Startups

A framework for choosing the right go-to-market strategy

Charles BrecqueCharles Brecque
Last updated on:
August 8, 2022
Published on:
January 13, 2022

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Choosing a go-to-market strategy (GTM strategy) is one of the most important tasks a founder will have to complete for their new business. New products don't end up in the hands of customers by themselves and GTM routes will help you distribute your products to customers as efficiently as possible. Go-to-market strategies are also important as they can give you a competitive advantage over competitors. This article will share a go to market framework to help founders identify the right go-to-market strategy for their startup. The go-to-market framework will help founders understand who their customers are, how they use their product or services, what their value proposition is and finally how to plan a successful go-to-market strategy.


Who are your customers?

In order to find the right go-to-market strategy, you need to know who your ideal customer is, where they are and how big your target market is. Ideal customers are important because they can help you focus on a buyer persona and increase your likelihood of reaching your business objectives. You can identify your target audience through market research and a competitor analysis. Once you have mapped the key buyer personas of your target audience, their pain points, how much they are willing to pay for a solution and finally sized the market, you can determine which go-to-market strategy is likely to work for your customers and for your business. For example, if your customers are consumers and your product is sold cheaply then you will need a light touch and high volume go-to-market strategy. If their problem is expensive and your solution complex then you will need to invest in supporting potential customers throughout the customer journey. New markets will also require educating so you should consider whether this will be achieved through content marketing or by investing in your sales team and customer onboarding capabilities. Understanding these factors will help you develop a sales process and pricing strategy which will be effective with your target audience.


How do your customers use your product?

Once you have determined who your potential customers are and potential go-to-market routes, you need to narrow them down based on how new customers will use your product. If you have an easy-to-use web SaaS application which solves a simple or commoditised problem, you should focus on a self-serve buying process. A self-service buying process needs to be supported with a funnel of inbound leads which can be achieved with a content creationsocial media advertising and search engine optimisation (SEO).


If your solution requires a formal onboarding and training then you should invest in classical lead generation capabilities and a support team to ensure a smooth onboarding and customer experience. You can choose to hire your own sales representative or you can outsource the lead generation to an agency.

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​What is your value proposition?

Your business model should be tied to your value proposition so that you have the means to invest resources in a suitable sales process. High value problems will require a sales strategy which is high touch throughout the buyer's journey. Your marketing channels in this case will be focused on preparing white papers, case studies and leadership pieces in order to build brand awareness with decision makers. Marketing teams of low value problems can still produce this type of content but the format will be easier to digest and focused more on high commercial intent messaging as the sales cycle will need to be shorter.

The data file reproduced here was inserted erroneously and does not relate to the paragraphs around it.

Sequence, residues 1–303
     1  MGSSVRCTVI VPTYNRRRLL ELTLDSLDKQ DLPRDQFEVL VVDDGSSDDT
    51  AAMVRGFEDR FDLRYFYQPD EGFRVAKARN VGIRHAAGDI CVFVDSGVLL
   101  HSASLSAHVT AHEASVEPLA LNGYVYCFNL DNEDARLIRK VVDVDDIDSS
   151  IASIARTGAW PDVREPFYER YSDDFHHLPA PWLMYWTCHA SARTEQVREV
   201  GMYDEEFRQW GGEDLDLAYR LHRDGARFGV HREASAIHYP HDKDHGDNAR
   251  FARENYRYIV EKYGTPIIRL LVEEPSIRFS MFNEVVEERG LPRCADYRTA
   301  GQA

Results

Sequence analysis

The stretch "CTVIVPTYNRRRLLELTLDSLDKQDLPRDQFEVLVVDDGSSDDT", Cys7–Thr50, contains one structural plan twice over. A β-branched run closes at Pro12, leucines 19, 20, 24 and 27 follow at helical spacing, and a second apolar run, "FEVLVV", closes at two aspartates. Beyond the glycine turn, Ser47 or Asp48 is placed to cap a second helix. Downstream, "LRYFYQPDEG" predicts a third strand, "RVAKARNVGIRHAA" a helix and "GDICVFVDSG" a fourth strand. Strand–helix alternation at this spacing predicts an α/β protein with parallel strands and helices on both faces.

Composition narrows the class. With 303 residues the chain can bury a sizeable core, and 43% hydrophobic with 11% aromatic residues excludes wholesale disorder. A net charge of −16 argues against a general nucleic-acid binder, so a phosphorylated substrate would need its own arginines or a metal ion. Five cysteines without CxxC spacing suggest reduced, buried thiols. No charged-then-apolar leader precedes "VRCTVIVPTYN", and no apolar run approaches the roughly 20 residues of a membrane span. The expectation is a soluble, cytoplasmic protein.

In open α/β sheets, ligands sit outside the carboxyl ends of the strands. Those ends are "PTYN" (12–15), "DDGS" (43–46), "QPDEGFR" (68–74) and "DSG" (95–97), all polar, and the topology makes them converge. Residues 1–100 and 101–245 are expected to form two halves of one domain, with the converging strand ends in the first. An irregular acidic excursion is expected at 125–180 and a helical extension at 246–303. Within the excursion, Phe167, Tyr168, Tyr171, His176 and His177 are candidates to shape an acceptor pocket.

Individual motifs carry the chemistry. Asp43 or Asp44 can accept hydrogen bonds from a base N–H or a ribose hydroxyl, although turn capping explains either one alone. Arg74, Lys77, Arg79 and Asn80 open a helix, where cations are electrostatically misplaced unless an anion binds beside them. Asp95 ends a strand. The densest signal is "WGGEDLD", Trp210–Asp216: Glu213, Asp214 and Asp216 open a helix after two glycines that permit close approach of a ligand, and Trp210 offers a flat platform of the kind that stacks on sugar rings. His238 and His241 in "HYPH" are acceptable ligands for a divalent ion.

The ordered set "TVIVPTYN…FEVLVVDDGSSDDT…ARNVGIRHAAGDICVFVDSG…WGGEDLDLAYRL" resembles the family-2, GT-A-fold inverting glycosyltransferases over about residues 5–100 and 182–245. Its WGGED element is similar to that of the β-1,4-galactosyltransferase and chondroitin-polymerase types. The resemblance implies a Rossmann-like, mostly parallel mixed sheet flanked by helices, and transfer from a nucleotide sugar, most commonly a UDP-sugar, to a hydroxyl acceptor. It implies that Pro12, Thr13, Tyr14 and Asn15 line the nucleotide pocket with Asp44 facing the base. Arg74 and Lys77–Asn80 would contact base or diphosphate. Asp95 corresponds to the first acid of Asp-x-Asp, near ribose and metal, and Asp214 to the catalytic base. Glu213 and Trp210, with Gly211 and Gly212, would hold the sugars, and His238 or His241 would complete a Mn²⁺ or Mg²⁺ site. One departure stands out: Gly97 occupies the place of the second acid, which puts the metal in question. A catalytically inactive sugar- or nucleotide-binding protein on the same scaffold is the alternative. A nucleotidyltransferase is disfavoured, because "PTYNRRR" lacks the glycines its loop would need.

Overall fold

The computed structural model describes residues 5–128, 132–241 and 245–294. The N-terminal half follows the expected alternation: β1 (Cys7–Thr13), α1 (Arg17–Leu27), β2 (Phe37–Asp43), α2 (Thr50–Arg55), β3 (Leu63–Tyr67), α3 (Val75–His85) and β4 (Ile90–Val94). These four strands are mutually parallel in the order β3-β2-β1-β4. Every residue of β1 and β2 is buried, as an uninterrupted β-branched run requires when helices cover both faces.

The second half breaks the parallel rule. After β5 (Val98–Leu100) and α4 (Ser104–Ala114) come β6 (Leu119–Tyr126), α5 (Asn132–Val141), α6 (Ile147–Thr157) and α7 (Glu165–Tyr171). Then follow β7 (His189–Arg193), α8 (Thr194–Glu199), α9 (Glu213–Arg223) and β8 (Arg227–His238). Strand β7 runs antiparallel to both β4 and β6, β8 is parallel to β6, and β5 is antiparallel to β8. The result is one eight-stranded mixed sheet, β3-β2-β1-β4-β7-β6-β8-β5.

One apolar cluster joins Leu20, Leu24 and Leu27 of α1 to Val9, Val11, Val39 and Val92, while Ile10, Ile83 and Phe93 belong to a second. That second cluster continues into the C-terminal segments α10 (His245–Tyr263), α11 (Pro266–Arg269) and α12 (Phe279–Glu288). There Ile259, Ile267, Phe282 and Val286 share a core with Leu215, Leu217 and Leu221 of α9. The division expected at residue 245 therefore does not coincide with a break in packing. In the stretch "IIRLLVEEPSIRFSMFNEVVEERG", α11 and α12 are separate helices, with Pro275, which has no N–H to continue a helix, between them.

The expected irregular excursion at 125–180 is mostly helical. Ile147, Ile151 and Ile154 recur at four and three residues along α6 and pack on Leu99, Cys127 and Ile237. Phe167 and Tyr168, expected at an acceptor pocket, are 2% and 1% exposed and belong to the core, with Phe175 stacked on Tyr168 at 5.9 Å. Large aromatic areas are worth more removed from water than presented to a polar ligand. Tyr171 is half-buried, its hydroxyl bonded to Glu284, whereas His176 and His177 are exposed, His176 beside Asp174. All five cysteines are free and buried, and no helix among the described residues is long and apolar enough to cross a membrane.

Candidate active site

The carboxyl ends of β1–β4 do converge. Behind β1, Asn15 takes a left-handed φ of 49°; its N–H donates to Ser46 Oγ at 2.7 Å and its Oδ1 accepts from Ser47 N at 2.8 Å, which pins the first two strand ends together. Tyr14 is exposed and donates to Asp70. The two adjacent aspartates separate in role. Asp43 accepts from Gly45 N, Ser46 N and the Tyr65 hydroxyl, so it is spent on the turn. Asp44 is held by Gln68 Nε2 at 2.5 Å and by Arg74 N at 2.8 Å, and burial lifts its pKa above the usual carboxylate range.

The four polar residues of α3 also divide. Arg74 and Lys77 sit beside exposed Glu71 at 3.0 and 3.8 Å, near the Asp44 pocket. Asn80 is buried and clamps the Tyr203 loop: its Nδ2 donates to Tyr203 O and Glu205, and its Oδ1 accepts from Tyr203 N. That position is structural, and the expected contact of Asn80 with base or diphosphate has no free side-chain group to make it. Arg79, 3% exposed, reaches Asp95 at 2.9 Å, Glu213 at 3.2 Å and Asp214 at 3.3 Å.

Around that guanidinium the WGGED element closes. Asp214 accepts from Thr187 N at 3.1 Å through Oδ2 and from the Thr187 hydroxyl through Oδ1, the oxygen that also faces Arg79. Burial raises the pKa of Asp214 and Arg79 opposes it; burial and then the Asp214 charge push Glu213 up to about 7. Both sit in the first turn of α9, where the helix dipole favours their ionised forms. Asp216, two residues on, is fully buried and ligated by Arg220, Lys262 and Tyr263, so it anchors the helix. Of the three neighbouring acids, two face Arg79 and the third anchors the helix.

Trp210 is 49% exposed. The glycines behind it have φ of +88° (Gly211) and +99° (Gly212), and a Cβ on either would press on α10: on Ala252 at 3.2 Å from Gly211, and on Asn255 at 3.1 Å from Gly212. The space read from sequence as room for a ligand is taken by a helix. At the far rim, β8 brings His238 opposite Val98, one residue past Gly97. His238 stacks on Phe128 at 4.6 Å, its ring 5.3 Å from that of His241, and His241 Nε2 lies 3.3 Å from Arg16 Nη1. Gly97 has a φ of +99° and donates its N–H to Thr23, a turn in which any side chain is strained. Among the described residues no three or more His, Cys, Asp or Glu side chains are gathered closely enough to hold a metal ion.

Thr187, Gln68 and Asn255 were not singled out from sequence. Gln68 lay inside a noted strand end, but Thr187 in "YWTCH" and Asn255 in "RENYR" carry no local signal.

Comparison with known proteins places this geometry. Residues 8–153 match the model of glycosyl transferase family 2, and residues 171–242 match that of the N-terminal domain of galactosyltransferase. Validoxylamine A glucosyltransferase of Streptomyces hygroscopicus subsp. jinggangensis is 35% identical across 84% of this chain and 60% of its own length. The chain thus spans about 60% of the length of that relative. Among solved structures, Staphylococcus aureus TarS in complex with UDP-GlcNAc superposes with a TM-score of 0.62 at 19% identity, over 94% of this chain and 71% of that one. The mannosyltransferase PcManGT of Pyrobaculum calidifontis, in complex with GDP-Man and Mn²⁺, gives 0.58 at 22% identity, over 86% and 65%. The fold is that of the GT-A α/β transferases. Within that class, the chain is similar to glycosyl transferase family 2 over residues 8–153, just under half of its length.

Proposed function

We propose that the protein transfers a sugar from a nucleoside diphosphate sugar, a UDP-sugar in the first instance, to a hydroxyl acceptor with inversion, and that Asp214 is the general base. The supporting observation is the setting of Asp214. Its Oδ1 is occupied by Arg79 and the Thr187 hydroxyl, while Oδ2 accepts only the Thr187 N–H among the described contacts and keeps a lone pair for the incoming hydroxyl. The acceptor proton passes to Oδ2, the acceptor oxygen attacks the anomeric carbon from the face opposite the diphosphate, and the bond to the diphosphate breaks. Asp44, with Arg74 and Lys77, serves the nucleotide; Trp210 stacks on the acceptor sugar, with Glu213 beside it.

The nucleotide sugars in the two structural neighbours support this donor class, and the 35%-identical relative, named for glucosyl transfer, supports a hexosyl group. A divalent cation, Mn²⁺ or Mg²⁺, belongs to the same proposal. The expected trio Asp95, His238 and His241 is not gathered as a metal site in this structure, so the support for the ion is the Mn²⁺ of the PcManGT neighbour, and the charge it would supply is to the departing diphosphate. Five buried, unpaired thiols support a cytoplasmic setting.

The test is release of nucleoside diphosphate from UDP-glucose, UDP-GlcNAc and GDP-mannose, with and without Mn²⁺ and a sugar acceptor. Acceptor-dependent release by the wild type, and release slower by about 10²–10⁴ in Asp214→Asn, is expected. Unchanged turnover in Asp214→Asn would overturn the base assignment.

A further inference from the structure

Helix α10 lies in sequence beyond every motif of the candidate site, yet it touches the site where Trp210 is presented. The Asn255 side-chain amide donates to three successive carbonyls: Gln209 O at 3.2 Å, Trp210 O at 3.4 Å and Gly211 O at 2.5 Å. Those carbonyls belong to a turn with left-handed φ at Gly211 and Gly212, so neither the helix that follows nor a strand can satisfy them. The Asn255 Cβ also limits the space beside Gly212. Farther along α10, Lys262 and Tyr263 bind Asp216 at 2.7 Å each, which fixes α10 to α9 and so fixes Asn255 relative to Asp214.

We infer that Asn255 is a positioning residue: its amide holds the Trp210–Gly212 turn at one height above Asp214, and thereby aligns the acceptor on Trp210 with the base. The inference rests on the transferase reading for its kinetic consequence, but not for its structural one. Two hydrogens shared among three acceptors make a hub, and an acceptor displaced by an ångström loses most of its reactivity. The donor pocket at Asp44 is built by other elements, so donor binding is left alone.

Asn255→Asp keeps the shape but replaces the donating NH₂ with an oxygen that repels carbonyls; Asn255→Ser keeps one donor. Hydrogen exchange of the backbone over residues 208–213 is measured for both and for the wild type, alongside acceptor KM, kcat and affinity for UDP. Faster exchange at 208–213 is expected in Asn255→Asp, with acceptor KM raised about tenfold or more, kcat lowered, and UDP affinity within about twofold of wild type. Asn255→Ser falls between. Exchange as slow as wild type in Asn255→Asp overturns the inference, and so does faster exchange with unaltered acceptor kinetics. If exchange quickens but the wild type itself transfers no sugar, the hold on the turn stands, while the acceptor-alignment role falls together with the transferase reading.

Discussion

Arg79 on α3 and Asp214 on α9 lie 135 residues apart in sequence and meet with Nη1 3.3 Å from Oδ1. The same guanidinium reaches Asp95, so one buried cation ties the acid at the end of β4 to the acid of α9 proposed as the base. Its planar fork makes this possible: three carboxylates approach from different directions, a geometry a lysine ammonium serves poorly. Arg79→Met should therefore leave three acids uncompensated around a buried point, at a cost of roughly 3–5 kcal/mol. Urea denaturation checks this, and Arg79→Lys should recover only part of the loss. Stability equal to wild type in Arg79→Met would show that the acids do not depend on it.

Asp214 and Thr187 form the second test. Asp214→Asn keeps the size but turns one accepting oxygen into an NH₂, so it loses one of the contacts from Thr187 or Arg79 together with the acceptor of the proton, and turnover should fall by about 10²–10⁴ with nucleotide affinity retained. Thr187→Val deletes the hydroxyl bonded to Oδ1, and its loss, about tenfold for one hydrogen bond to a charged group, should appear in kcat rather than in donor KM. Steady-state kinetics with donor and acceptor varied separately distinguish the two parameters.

How to plan your GTM strategy?

You can plan your go-to-market strategy once you know who your target customers are, how they use your product and what your value proposition is. A go-to-market plan should also define success metrics to help you iterate as you are executing your go-to-market strategy. If you are still building your product, you should plan your go-to-market around your roadmap and product launch. If your target audience is known to buy slowly then you can engage them earlier. You should also time the hiring of your salespeople based on the duration of your expected sales cycle and the readiness of your product so that their sales initiatives can be productive. If you have determined that your customer acquisition will be self-serve then you will need to invest in a content marketing plan as soon as possible as it will take time to rank and build organic traffic. You should also factor in some flexibility in your go-to-market strategy so that you can iterate and for example adapt your pricing strategy until your reach product-market fit. Finally, developing a go-to-market strategy is a cross functional exercise which will include developing a marketing strategy, a sales strategy and a product strategy which is why its important to involve stake holders from all these teams!

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The opinions on this page are for general information purposes only and do not constitute legal advice on which you should rely.

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